During the 1940s at the Indianapolis Motor Speedway, a period marked by technical experimentation, race car builders delved into various ideas, from mid-engine layouts to front-wheel drive and even twin engines. One particularly captivating creation from this era was the six-wheeled Pat Clancy Special, which graced the Indy 500 in 1948 and 1949.
In its debut in 1948, the Clancy Special, built by lead mechanic A.J. Bowen for team owner Pat Clancy, proved to be more than just a whimsical experiment. Veteran driver Billy DeVore qualified 21st and finished 12th, albeit 10 laps behind the winner, Mauri Rose in the Blue Crown Spark Plug Special.
Pat Clancy, a Memphis trucking fleet operator, commissioned the six-wheeler, and the unconventional choice of six wheels was not without purpose. The chief mechanic, A.J. Bowen, was the wizard behind its construction, modifying frame rails and semi-finished aluminum body panels sourced from West Coast builder Frank Kurtis.
Beneath the Clancy Special’s exterior, the mechanical ingenuity is revealed. The front end boasts a Ford-style transverse leaf spring and a distinctive tubular front axle from a mid-30s Plymouth. The power comes from a 270 CID Offy four-banger, a popular choice among Indy car builders at the time.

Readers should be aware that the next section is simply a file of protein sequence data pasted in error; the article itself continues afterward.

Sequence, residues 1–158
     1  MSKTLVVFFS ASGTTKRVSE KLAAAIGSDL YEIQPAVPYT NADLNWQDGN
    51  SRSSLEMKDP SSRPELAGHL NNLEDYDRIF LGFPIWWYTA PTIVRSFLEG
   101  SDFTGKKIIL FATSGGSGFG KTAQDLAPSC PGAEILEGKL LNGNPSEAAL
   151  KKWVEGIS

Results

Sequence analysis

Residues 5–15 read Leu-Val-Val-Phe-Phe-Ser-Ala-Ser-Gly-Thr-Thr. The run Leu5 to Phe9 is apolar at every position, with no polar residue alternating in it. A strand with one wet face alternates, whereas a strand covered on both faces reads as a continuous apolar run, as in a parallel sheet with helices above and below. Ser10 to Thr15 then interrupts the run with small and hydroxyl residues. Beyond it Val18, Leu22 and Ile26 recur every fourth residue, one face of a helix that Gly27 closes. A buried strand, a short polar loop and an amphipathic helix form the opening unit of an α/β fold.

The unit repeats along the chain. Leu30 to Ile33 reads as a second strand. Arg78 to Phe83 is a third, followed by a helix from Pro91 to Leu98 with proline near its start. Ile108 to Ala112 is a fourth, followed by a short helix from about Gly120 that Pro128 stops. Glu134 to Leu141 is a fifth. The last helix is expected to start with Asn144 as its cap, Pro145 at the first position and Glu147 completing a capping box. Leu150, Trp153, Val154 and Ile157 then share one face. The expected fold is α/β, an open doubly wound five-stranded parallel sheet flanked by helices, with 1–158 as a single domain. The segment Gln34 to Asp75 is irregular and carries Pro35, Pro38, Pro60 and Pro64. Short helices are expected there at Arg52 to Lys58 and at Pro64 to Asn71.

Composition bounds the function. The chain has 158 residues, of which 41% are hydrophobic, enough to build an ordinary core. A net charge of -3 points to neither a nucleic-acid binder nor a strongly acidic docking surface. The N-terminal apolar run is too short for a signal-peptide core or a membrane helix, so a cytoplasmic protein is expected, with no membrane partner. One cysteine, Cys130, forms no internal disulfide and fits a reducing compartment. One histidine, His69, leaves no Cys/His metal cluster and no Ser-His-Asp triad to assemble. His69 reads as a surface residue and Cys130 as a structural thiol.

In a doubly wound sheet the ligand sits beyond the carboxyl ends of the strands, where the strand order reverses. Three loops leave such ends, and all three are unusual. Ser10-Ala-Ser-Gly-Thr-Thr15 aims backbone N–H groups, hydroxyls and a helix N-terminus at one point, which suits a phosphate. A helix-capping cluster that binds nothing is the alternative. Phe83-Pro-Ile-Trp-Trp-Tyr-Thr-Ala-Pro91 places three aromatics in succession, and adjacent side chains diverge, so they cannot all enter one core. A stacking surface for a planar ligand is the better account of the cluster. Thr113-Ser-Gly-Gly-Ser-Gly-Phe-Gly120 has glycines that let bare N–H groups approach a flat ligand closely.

Examining the rear of the Clancy chassis unveils the mechanical secrets of the six-wheeler. All four rear wheels were driven in tandem-truck fashion through a pair of Pat Warren quick-change axles. A unique drivetrain setup connected the front and rear axles, involving a stub driveshaft with universal joints.
In 1949, the six-wheeler returned to the Brickyard, driven by rookie Jackie Holmes. Despite a respectable qualifying speed of 128.087 mph, the race day ended prematurely due to a driveshaft failure after completing 65 laps. Subsequently, the chassis underwent a transformation into a conventional four-wheeler but failed to qualify for the 500 in its final two Indy appearances.
The question remains: Why six wheels on an Indy car? Pat Clancy’s inspiration stemmed from his success in the trucking business, where tandem-axle trucks navigating Tennessee’s hilly terrain seemed to outperform passenger cars. This theory, however, did not translate successfully at Indy. Nevertheless, Pat Clancy’s audacious ambition to test this unconventional concept deserves recognition. Although the six-wheel configuration was eventually abandoned due to added weight and mechanical losses, Clancy continued fielding standard four-wheeled entries in the Indy 500 well into the 1950s.
In the world of racing history, the Clancy Special stands as a testament to the daring spirit of innovation, even when faced with challenges and unconventional ideas.